Martelly’s supporters took to the streets in protest. After analyzing eight per cent of the votes, the Organization of American States reversed the results of Haiti’s electoral council and declared that Martelly, and not Célestin, would go into a second round, to face the educator and former First Lady Mirlande Manigat. Hillary Clinton, who was U.S. Secretary of State at the time, flew to Haiti to pressure President Préval to accept the O.A.S.’s results and “get out of the way,” as Pras Michel puts it. Préval would later reveal, in “Fatal Assistance,” a more penetrating insider documentary by the Haitian filmmaker Raoul Peck, that he was threatened with a coup d’état by a top United Nations official if he didn’t fall in line with the U.S. and the O.A.S. In a rather telling moment in “Sweet Micky for President,” Pras Michel, who didn’t see the O.A.S. reversal coming, goes to the actor Sean Penn, who heads a nongovernmental organization in Haiti, to seek his advice on how to keep Martelly in the race. Penn then takes Michel to consult with former President Bill Clinton, who was serving as United Nations Special Envoy for Haiti. Watching the scene, one is once again reminded that Haiti’s version of democracy is often decided in small rooms where few or no Haitians are present.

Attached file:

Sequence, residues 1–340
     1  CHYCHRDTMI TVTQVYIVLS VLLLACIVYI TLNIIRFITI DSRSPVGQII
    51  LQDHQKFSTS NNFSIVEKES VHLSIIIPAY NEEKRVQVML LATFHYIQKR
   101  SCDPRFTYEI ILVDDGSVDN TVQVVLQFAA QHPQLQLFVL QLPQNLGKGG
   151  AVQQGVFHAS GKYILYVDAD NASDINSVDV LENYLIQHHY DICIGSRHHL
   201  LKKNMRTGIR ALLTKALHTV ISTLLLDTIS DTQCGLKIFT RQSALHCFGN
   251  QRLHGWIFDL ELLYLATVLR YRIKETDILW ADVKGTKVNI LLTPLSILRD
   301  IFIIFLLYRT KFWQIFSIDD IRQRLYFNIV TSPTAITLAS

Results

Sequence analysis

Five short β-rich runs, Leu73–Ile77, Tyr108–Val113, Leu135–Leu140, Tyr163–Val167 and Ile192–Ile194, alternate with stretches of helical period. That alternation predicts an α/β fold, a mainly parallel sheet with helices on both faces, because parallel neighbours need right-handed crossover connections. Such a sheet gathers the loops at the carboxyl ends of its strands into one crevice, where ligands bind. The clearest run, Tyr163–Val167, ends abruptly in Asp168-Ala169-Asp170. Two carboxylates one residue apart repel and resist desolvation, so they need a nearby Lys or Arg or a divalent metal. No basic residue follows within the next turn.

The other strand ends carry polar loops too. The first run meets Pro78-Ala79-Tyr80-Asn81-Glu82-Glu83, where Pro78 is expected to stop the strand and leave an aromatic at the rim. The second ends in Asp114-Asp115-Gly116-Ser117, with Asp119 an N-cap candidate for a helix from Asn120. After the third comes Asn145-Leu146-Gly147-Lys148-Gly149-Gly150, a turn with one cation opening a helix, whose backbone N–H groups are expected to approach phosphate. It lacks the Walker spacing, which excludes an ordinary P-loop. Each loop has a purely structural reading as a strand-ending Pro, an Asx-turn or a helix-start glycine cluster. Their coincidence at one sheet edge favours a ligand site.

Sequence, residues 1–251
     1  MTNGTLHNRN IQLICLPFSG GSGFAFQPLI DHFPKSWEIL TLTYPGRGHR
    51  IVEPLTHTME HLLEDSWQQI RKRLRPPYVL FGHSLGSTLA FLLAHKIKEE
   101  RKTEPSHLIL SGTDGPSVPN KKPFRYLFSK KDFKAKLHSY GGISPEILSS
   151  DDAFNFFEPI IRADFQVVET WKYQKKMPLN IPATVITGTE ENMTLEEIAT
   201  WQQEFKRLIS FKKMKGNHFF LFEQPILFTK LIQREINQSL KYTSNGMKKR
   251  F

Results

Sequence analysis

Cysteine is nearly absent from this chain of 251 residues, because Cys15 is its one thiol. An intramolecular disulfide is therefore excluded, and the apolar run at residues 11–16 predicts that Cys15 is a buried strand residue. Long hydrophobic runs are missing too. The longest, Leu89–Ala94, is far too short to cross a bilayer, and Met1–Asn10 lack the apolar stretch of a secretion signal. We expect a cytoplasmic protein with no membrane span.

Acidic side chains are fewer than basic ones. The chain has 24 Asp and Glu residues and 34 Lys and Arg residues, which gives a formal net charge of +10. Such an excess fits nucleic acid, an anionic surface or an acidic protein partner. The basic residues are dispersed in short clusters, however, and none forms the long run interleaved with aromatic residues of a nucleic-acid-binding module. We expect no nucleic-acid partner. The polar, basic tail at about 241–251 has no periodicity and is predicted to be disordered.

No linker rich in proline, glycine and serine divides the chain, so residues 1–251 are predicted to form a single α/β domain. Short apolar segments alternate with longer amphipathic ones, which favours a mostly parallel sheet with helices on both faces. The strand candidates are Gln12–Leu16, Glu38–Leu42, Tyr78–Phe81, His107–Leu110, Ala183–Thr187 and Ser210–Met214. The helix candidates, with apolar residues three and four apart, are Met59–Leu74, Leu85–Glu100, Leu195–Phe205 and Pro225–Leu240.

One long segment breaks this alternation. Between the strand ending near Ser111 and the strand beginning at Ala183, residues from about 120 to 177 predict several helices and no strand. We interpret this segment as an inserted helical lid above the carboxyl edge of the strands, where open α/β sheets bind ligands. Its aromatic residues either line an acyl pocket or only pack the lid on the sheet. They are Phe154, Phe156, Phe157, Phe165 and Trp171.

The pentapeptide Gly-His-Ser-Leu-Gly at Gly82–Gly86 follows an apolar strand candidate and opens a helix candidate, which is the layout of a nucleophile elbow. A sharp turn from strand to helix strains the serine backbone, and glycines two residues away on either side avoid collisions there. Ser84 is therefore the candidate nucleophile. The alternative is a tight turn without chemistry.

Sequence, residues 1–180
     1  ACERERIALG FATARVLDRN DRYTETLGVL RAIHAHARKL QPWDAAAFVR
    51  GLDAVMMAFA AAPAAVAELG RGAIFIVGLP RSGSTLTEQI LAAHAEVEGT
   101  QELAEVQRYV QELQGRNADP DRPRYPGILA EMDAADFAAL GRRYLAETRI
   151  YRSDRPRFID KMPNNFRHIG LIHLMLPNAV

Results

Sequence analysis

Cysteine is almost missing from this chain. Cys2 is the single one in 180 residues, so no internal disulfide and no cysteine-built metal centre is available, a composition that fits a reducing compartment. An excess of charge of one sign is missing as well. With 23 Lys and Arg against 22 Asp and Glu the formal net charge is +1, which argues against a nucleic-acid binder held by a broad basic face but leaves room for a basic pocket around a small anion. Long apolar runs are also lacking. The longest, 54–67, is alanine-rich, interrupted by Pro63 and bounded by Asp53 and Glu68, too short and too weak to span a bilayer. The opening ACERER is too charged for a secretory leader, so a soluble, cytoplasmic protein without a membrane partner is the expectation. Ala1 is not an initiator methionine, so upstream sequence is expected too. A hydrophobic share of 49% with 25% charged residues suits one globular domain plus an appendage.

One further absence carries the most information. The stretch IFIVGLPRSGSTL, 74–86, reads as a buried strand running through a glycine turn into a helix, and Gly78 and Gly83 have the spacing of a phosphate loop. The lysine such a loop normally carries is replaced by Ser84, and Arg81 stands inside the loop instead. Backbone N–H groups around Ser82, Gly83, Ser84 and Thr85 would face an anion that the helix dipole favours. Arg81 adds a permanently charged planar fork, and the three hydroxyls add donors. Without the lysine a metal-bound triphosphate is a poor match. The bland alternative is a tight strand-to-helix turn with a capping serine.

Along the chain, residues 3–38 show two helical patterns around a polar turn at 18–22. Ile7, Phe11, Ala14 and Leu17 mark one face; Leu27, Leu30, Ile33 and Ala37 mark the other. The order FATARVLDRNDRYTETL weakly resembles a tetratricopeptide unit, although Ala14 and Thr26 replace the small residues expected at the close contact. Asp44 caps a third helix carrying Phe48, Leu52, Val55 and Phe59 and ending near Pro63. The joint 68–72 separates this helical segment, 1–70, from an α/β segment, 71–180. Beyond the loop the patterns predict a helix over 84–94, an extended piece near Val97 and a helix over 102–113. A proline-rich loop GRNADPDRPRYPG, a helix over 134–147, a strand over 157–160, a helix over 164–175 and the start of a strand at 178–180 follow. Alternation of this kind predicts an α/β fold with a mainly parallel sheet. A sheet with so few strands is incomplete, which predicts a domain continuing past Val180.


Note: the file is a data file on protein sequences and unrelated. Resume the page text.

Fast forward nearly five years, to the contested legislative and Presidential elections of 2015, and it is Martelly and his political party, Parti Haïtien Tèt Kale, or P.H.T.K., that is being accused of massive fraud, voter suppression, ballot stuffing, manipulation of the results at tabulation centers, as well as post-election intimidation and violence. According to a report conducted by the National Lawyers Guild and the International Association of Democratic Lawyers, during the first round of the legislative elections, on August 9th, nearly twenty-five per cent of the voter tally sheets from polling stations around the country were either lost, destroyed, or otherwise excluded from the count. Thirteen per cent of the voting centers nationwide suspended the vote due to the ransacking or destruction of polling places or other incidents of violence that, even Haiti’s own Provisional Electoral Council (C.E.P.) concedes were primarily committed by members of P.H.T.K. and other political parties allied with President Martelly. (Haiti’s constitution bars Presidents from serving two consecutive terms, so Martelly himself is not a candidate.) Although the electoral council has condemned those infractions and removed certain individual candidates, it failed to ban the guilty parties from the elections, setting the stage for a replay during the first round of the Presidential elections, which took place on October 25th.